For so many Californians who have chosen to install a solar electric system, the phrase Net Metering is simply a way of describing the way power from roof-top solar panels will reduce their own electric consumption and spin the meter backwards.
But Net Metering also allows owners of solar systems to receive credit for clean power provided to the utility company when their own energy needs are being exceeded during the day. The result: electricity generated by your solar panels is purchased by the utility company at the same price that it is sold to the customer.
Most likely because they receive no profit in this transaction, the utility companies originally argued that another customer receives no economic benefit from their neighbor’s decision to go solar.
However, the California Public Utilities Commission (CPUC) believed otherwise. In 1996, it created the Net Energy regulation to permit 0.5% of the utility company’s demand to be generated by clean resources, and later increased it to 5%. The commissioners were convinced that the Distributed Generation (DG) produced by commercial and residential solar panels would offset the cost for new conventional power plants and transmission lines. It would also help to stabilize power supplies during peak summer demand when solar energy is at its maximum.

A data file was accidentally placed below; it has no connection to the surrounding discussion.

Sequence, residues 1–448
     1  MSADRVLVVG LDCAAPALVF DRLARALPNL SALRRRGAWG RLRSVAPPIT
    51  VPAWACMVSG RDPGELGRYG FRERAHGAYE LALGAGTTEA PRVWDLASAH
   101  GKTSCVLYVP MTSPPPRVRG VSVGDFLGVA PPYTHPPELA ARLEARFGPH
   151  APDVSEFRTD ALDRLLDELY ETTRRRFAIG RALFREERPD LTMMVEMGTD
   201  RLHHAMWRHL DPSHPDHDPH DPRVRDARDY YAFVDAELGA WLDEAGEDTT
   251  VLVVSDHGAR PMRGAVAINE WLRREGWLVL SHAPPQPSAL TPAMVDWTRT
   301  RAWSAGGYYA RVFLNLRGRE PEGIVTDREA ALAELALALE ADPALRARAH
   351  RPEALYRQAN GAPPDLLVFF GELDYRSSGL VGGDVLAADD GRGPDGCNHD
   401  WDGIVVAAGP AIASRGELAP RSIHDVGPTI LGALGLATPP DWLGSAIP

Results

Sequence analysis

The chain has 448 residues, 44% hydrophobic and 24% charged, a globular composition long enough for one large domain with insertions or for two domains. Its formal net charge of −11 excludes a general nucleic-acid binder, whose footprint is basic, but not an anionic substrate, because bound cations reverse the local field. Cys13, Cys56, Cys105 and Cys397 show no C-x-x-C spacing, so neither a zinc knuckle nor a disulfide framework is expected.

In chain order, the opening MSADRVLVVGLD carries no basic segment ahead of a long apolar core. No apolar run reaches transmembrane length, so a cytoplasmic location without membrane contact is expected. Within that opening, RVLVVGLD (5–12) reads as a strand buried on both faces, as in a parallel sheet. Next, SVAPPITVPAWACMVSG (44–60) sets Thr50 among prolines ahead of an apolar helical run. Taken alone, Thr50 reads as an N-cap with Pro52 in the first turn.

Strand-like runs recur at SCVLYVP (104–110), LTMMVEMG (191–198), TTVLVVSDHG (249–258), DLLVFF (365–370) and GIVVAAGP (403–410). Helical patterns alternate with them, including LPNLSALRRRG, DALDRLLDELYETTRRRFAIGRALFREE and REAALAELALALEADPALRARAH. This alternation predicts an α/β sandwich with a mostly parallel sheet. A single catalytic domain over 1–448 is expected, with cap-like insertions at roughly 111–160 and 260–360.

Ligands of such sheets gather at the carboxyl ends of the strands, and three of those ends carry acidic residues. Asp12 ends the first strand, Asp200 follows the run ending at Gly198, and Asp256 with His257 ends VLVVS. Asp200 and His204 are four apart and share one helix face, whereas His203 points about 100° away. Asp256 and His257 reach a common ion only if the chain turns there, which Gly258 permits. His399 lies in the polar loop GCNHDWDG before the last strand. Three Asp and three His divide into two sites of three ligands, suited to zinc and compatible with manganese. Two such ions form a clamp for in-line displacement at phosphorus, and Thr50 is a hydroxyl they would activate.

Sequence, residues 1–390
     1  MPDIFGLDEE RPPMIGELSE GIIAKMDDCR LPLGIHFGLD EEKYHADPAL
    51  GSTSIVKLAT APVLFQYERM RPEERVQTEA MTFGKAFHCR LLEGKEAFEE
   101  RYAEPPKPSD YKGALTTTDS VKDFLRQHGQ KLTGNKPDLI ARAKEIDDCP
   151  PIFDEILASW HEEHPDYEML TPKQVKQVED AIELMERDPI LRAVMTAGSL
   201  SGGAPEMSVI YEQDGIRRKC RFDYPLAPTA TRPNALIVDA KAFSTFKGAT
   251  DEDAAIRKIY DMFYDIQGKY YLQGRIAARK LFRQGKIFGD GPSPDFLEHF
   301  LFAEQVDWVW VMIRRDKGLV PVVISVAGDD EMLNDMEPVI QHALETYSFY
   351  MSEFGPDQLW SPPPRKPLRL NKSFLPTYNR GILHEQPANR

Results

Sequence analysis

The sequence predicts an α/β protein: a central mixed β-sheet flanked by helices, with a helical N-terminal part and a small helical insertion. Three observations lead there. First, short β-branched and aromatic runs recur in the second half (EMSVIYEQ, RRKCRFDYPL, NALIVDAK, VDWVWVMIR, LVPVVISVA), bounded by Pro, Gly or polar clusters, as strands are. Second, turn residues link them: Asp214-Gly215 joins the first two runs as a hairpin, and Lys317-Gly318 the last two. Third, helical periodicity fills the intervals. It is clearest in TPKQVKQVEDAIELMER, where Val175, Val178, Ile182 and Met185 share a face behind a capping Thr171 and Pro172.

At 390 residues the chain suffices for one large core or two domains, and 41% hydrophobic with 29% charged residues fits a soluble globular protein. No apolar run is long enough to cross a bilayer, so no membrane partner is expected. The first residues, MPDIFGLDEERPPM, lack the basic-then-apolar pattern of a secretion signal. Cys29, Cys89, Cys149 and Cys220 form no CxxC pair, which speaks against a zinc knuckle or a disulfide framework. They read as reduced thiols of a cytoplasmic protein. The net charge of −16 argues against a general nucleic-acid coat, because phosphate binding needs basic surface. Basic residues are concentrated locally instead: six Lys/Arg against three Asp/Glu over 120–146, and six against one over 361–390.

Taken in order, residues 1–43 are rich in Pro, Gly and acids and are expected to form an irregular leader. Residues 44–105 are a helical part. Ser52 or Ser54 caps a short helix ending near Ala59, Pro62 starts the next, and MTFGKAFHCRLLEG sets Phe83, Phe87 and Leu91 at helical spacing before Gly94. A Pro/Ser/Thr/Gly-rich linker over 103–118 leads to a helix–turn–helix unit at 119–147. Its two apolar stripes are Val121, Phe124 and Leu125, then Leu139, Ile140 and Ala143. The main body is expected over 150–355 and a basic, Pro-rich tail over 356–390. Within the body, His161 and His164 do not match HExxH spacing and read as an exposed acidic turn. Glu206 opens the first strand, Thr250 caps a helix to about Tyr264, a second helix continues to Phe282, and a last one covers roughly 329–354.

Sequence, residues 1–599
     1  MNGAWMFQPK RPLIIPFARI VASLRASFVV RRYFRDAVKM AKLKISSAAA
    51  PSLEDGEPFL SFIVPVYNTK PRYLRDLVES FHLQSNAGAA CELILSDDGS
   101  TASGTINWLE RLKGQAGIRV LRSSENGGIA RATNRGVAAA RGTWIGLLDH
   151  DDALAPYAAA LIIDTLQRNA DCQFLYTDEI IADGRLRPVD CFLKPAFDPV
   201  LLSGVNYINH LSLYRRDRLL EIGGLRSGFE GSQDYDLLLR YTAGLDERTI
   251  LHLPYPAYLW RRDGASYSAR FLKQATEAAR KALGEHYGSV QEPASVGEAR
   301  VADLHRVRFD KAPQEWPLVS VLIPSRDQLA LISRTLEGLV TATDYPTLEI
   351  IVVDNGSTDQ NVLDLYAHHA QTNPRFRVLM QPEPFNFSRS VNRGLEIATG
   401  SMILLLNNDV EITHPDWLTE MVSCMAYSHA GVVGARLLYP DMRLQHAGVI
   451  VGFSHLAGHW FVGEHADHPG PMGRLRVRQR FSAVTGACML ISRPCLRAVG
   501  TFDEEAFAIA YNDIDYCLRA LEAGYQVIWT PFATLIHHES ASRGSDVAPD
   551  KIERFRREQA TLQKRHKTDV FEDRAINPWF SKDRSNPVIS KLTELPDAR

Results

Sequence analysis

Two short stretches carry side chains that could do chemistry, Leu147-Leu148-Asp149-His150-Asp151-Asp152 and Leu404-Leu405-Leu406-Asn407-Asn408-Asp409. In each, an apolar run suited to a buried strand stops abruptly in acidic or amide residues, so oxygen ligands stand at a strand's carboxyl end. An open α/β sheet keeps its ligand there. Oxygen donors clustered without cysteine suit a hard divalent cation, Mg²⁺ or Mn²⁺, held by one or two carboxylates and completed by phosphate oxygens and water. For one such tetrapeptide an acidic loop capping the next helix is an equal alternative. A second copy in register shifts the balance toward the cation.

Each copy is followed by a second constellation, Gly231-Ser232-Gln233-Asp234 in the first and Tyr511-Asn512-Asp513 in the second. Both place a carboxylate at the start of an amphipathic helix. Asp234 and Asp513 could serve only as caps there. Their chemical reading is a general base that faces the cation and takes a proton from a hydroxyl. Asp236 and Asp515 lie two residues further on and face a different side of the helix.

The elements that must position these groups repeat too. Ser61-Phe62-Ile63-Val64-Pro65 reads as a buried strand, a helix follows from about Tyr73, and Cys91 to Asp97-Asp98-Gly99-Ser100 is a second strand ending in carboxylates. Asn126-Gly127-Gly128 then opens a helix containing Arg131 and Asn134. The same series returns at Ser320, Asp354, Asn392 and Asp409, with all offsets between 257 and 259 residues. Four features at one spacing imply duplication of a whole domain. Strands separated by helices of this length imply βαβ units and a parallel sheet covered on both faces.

As the cap of 5% is drawing near, Californian utility companies (including PG&E, SCE and SDG&E) have made it very clear—paying customers full retail value for the clean energy that your solar panels generate is not an economic model that is sustainable for their shareholders.
Meaning, they do not want their customers in the business of generating power and are planning to do whatever they can to stop the advance of net metering at 5% of peak demand. If they aren’t able to stop net metering completely, they would like to require that energy be sold at a wholesale rate (rather than retail rate) at the very least.
Without net metering, the utility companies will pay only a fraction of the cost for electricity generated by photovoltaic solar panels, which would significantly reduce the economic viability of investing in solar power and directly threaten over 120,000 individual solar panel owners and an industry that now employs over 43,000 Californians.
Moreover, a recent study by former CPUC advisor, Tom Beach of Crossborder Energy, estimates that the financial benefits of solar energy are actually exceeding its costs by 92.2 million dollars a year. This study reveals that the utility companies are wrong, and that solar power actually benefits both the owner of the solar panels and their neighbors. These and other arguments will be made by clean energy advocates during the next year as the cap of 5% gets closer and closer.
Net Metering has been the backbone of California’s transition to a cleaner, solar-powered DG future. Unless battery technology that is clean, efficient, non-toxic and affordable is developed soon, Net Metering will disappear and solar panel owners (and rate-payers alike!) will suffer as conventional fossil fuel and nuclear plants are built to meet our future power requirements.
Here at AMECO we hope that clean energy advocates and the solar power industry can win the fight against the utility companies.